Fenugreek is an annual plant in the family Fabaceae. Fenugreek is one of the oldest plants recorded as having medicinal purposes. It supports people with allergies by soothing the membranes of sinuses.  It aides the body in getting rid of mucous, by working as an expectorant, which supports people with asthma and respiratory discomfort  Beneficial for lung disorders, It also aids in reducing inflammation and fever.

A bitter herb that strengthens the immune system, acts as an antibiotic, anti-inflammatory, and antibacterial, cleanses mucus membranes, soothes inflamed tissues, and stimulates the central nervous system. It is good for colds, flu, inflammation, and glandular swelling. Because of its hydrastine alkaloid, it is a specific for healing the mucus membranes or inflamed tissue in the body.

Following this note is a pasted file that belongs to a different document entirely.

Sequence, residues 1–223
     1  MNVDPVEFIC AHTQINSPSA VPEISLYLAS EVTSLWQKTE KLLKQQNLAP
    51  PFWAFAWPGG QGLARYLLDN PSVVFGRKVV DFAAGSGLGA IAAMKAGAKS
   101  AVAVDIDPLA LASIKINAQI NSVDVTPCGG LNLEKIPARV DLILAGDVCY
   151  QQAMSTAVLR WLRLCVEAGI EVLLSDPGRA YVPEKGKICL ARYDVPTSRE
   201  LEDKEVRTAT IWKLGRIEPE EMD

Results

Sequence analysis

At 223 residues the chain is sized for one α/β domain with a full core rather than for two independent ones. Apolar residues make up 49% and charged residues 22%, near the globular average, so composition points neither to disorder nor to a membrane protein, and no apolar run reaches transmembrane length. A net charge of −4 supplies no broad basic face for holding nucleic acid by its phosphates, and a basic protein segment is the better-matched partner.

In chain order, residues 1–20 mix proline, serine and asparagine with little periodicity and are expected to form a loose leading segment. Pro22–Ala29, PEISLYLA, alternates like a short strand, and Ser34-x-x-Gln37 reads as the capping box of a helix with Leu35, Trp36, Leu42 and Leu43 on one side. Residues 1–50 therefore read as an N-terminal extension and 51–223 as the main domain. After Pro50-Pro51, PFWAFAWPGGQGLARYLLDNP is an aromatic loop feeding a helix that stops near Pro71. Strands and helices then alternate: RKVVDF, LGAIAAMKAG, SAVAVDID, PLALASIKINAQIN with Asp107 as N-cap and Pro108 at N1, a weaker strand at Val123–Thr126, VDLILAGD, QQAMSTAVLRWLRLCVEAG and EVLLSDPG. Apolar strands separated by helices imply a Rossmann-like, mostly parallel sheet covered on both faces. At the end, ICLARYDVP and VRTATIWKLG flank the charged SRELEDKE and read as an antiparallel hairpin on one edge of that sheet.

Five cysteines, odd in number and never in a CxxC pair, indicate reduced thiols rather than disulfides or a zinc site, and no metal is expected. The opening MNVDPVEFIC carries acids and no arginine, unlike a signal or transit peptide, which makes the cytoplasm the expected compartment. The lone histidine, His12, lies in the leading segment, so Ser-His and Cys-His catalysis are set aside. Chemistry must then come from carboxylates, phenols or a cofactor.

The eucalyptus tree is native to Australia. The oil was used in traditional Aboriginal medicines to heal wounds and fungal infections. Teas made of eucalyptus leaves were also used to reduce fevers. Eucalyptus is also used in other traditional natural healing systems, including Chinese, Ayurvedic, Greek and European. In 19th-century England, eucalyptus oil was used in hospitals to clean equipment. Laboratory tests have shown that eucalyptus oil contains substances that kill bacteria. It also may kill some viruses and fungi. Studies in animals and test tubes also found that eucalyptus oil acts as an expectorant, meaning it loosens phlegm and has decongestant properties.